Hanging on the walls and hidden in the corners of our homes are the photographs and works of those who came before us. These seemingly mundane and irrelevant objects are the indexical records of family and human history.
Accumulating visually in layers and decaying with the passage of time, these remnants of our physical world provide tangible reference points for how we understand one another; and ultimately ourselves. It is my belief that books, furniture, clothing, and even silverware can influence the dynamics and relationships between past and future generations.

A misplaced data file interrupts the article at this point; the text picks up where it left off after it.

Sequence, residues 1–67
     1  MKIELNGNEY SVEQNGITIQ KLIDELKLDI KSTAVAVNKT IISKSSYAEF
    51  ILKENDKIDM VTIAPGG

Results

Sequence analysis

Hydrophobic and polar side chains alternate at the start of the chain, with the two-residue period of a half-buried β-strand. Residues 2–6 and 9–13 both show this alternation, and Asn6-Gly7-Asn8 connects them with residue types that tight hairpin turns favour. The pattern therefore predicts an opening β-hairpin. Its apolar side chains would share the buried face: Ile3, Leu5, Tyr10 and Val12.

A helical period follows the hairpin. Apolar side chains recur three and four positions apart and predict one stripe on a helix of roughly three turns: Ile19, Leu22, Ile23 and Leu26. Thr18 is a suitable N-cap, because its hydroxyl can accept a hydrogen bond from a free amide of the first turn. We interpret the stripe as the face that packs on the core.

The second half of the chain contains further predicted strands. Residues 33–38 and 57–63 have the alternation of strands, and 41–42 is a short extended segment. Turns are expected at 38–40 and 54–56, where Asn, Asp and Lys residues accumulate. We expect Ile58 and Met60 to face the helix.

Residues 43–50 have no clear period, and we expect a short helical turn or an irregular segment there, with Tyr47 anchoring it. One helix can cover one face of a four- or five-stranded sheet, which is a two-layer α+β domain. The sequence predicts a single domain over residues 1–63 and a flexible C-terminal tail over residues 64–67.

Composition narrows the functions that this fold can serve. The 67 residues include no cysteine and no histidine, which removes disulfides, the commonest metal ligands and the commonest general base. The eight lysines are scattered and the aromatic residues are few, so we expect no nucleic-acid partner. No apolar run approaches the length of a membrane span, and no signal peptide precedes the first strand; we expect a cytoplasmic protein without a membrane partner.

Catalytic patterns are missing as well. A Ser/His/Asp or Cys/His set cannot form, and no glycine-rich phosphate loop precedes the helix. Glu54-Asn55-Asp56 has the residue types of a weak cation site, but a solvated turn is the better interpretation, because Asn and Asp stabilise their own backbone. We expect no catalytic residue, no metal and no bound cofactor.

Ashley graduated from the Metal Design program at East Carolina University in Greenville, North Carolina and has since been an Artist-in-Residence at Lillstreet Art Center (Chicago) and Arrowmont School of Arts and Crafts (TN). Her jewelry has been featured in several publications and permanent collections, including Lark Book’s 500 Necklaces Series, American Craft Magazine, the Racine Art Museum (WI) and The Enamel Arts Foundation (Los Angeles).
Ashley’s conceptual artwork explores both our relationships with family and with personal objects, and as such can best be described as artifacts of her genealogical history. Her observations and fascination with inheritance, ancestry, and the loss of memories informs the designs of her jewelry and sculpture.
Besides her studio practice, Ashley finds happiness in gardening, karaoke, hiking, and collecting antique books.